Nigerian government is planning to dump the use of sworn affidavit in place of birth certificates, an official of the National Population Commission (NPC) has disclosed.
Mr. Imo Uche dropped this hint Monday during a UNICEF/NOA Social Mobilisation Technical Committee (SOMTEC) outreach at Umuode-Nsulu Autonomous Community, Isiala North Local Government Area of Abia State.
Uche said the use of sworn affidavit in place of birth certificate would be dropped in the near future to check its excessiveness.
The NPC official, who was a resource person during the outreach, which is aimed at sensitising women to embrace Essential Family Practices (EFPs) and had over 150 women participants, said lack of birth certificates deprives the nation of accurate planning and those affected, from benefitting in several social programmes.
He noted that without a birth certificate, individuals face challenges going to schools, seeing a doctor, accessing social protection and participating in public life.
“The inability of some parents to register the birth of their child deprives such child of an identity and the crucial birth certificate which is literally a child’s passport to benefit from social programmes, including education and welfare programmes, and lays the child bare to trafficking, child labour, or other forms of abuse,” said Uche.
“When the government knows how many children are born, how many of them die and the principal causes of their death, it will know better where to prioritise health investments,” Uche added, saying that lack of such records deny governments the ability to track patterns in health and infant mortality.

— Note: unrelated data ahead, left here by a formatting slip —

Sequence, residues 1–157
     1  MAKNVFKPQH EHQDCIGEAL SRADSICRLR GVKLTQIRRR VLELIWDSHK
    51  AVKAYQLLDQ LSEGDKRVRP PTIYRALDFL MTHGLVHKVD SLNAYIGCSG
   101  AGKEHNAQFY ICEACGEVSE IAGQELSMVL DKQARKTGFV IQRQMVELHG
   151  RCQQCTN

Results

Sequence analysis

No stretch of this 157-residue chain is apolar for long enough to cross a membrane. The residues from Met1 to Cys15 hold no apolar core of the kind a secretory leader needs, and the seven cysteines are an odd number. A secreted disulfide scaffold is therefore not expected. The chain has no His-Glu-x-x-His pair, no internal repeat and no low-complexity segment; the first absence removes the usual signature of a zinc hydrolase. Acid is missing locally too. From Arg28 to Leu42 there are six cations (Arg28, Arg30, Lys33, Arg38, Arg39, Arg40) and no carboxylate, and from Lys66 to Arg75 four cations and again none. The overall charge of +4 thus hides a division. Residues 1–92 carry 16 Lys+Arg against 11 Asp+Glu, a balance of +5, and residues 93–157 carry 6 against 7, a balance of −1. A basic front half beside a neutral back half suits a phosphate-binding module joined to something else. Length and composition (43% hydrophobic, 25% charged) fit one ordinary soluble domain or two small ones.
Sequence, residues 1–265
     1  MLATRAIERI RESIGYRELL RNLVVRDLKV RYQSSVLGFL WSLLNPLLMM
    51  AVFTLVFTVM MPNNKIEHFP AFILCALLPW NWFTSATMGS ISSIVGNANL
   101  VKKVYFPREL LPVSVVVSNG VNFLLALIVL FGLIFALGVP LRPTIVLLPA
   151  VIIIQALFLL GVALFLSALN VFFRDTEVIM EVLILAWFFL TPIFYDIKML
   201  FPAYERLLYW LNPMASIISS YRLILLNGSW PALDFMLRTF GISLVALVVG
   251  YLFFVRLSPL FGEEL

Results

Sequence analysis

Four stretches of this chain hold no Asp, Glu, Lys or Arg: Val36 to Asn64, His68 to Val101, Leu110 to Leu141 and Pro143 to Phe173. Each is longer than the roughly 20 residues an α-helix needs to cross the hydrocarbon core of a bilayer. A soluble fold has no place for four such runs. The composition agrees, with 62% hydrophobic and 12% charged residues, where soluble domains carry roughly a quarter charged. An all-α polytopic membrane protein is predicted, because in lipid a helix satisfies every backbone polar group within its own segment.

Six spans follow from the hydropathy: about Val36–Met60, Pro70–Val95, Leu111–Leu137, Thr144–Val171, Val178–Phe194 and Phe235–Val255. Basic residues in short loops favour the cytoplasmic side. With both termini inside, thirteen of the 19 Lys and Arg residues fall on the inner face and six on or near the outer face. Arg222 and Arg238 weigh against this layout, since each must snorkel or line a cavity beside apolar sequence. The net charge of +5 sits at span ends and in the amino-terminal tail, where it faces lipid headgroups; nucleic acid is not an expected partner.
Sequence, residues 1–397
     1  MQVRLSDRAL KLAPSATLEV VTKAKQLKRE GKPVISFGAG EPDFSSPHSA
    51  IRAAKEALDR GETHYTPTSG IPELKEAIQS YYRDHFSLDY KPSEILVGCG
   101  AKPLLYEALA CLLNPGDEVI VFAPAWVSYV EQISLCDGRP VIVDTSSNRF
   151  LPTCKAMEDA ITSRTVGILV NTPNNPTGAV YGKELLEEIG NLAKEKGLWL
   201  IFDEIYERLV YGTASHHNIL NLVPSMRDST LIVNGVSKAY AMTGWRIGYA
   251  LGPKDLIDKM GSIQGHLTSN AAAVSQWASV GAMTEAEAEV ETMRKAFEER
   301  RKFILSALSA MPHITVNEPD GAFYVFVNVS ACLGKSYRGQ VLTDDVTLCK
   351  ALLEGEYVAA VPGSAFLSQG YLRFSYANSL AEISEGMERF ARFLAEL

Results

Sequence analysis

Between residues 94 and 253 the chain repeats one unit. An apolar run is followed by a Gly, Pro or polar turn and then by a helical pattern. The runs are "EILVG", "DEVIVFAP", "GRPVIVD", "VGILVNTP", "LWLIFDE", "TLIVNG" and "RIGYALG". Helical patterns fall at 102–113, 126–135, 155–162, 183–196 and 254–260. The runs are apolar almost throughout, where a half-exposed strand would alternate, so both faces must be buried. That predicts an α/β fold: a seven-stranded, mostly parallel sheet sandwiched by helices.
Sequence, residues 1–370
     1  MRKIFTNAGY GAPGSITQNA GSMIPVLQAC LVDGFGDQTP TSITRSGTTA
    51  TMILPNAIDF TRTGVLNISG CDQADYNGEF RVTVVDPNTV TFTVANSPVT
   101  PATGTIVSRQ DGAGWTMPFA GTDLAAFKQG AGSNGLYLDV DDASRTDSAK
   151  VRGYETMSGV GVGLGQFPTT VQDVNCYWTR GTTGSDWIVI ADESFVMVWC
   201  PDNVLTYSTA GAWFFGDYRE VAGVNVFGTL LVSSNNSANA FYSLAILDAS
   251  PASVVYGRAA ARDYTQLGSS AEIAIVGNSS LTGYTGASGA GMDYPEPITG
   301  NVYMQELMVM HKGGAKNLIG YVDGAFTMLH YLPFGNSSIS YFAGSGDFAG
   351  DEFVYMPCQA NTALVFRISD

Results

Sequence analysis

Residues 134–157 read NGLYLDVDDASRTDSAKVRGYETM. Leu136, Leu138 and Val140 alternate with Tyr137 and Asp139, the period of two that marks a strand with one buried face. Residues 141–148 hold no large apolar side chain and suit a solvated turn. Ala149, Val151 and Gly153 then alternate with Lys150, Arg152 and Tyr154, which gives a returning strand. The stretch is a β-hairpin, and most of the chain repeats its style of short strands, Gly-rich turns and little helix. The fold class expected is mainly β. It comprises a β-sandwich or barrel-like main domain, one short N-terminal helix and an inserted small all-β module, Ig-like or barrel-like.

Records show that globally, about 200 million children do not have their births registered and about 80 countries, mostly in sub-Saharan Africa and South Asia, do not have well-functioning civil registration systems to document births and deaths.
Earlier in her remarks, Abia State Director of National Orientation Agency (NOA), Dr. Mrs Ngozi Uduma, explained that adherence to EFPs would help to build a healthy Nigerian society.
Mrs. Uduma listed EFPs to include routine immunisation, focused antenatal care, exclusive breastfeeding on demand, balanced diet (containing all the four food groups) and effective hand washing, among others.
Leader of Umuode women, Oriaku Blessing Egbu, described the programme as beneficial and assured that they would embrace the EFPs.
“We are happy for this programme and we must commend the UNICEF and NOA for this wonderful sensitization programme. I am making this promise on behalf of Umuode women to put into practice, all that we were taught about Essential Family Practices,” Mrs Egbu promised.